The so-called auto bailout bill, a $14 billion bridge loan intended to give automakers sufficient cash to continue operating in the first quarter of 2009, failed last night in the Senate. As far as getting government cash into the hands of the automakers this year, it’s over. Not gonna happen.
That is a very big problem for GM and Chrysler. Less so for Ford except for the fact that if GM in particular fails, it will so dramatically affect the suppliers that all of the automakers have in common that it could disrupt Ford’s operations sufficiently to drain all of their remaining cash.
The automakers are in big trouble and that is potentially big trouble for all of us.
According to what I have heard and read this morning, it came down to the intractability of the United Auto Workers, the union that represents the employees of the Big Three automakers.
What a surprise.
As you consider the plight of the automakers and nurse your media-driven irritation at the huge salaries of the CEOs and their travel to and fro on Gulfstream jets, be fair in your analysis and take a moment to consider these facts.
Fact number one. While it is true that the U.S. automakers built some really crummy cars in the 1970s and 1980s and thus allowed Toyota and Honda and BMW and others to establish a foothold in the U.S. market by offering a superior product, it is also true that the Big Three learned their lesson. U.S.-built cars are now among the best in the world. The quality advantage that the Japanese and German automakers once enjoyed is now largely gone. Their only remaining advantage lies in their manufacturing costs.
Fact number two. Ford and GM build and sell cars in Europe. The cars that they build are not all that different from the cars they build here. The workers who build the cars are no different than the workers who build cars in Detroit. The people they sell the cars to are no different from you and me and everyone in the U.S. that has ever bought a car. Ford and GM sell those cars in a market where gasoline routinely costs two to three times as much per gallon as we pay here.
And yet, Ford and GM make money selling cars that they manufacture in Europe. They lose money making and selling cars in America. Were it not for their European operations, GM and Ford would have been in the trouble they’re in now years ago.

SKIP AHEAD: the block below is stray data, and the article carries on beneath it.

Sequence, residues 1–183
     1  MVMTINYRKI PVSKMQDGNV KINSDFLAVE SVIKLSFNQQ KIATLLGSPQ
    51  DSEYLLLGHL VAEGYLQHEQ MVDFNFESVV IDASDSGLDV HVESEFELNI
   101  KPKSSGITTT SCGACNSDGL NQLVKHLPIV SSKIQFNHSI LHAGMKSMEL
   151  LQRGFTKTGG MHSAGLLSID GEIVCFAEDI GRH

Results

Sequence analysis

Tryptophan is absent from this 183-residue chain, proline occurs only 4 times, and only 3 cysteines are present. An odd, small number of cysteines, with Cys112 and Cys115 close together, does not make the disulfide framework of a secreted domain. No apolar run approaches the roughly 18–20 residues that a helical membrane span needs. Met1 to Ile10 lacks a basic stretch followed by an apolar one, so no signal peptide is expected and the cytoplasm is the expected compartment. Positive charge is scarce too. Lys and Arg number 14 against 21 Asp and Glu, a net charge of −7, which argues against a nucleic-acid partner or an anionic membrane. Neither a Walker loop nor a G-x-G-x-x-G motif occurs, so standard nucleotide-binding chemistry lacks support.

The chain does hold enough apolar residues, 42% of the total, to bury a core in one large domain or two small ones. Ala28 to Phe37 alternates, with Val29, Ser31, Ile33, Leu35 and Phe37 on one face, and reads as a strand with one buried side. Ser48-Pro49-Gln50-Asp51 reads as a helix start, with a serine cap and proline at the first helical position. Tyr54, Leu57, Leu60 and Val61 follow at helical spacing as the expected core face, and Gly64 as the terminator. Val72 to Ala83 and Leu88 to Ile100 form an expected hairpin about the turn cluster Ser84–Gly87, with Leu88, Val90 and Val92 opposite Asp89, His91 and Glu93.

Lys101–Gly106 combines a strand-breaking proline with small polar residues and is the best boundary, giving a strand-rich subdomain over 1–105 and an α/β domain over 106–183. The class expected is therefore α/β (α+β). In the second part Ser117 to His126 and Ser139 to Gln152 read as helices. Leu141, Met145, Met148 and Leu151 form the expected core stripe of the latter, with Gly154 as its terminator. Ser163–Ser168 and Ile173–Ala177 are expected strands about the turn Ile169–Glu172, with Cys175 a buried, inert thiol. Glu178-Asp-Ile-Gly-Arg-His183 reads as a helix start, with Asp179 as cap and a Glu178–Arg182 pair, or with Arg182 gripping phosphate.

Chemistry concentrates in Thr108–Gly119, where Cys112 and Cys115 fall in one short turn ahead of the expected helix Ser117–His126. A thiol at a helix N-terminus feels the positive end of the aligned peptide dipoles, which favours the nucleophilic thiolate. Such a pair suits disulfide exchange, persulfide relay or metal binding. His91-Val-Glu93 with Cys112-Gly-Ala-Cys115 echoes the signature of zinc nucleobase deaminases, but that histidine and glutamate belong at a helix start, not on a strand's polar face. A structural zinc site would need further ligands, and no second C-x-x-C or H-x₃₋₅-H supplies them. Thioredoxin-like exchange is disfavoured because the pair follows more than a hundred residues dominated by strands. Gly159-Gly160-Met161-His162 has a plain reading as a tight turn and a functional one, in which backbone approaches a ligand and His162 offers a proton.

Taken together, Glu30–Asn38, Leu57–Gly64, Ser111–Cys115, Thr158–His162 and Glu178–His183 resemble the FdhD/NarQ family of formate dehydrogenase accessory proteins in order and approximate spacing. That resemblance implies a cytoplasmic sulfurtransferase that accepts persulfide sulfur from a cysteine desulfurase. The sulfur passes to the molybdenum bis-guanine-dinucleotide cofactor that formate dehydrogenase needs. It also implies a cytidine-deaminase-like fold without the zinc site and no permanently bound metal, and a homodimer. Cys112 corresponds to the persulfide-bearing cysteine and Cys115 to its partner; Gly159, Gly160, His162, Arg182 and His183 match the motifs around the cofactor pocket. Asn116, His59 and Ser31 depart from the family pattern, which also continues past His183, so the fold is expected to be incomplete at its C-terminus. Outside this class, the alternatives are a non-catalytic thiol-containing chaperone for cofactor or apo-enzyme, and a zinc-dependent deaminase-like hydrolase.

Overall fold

Fact number three. The U.S. automakers know how to assemble cars better and more cheaply than they are able to in Michigan. Ford has an assembly plant in Camacari, Brazil that is the most technologically advanced auto assembly plant in the world. Where a human being is needed to perform a task, a human being is used. But where a task can be automated, it’s automated. No onerous union work rules that reduce productivity through featherbedding. Where it takes weeks to retool an assembly line to make a different model in a U.S. plant, they can do it almost overnight in Brazil. You can watch a video produced by the Detroit News on Ford’s Camacari plant here.
These three facts share a common thread. With respect to the German and Japanese manufacturers, the U.S. automakers are at a labor cost disadvantage. With respect to the European operations of Ford and GM, same story. Their labor costs in Europe are lower than in the U.S. and thus they make money in Europe while they lose money here. With respect to assembly plants, all three of the automakers would love to have Camacari-style plants in the U.S. But the contracts they have with the UAW won’t let them.
Guess what guys. The Senate of the United States just gave you hard notice that the party is over. If you folks don’t make major wage, benefit and work rule concessions, concessions that bring your wages and benefits in line with world market prices for what you do, it’s over. The taxpayers aren’t going to save you.
We need a healthy auto industry. The automakers have shown that they can build a car that the market will buy and do so profitably.
So the failure of the so-called bailout bill last night is the wakeup call to the unions. One way or the other, your deal is coming to an end.
It’s time to recognize that fact and get busy saving the industry you say you love and from which you feed your families.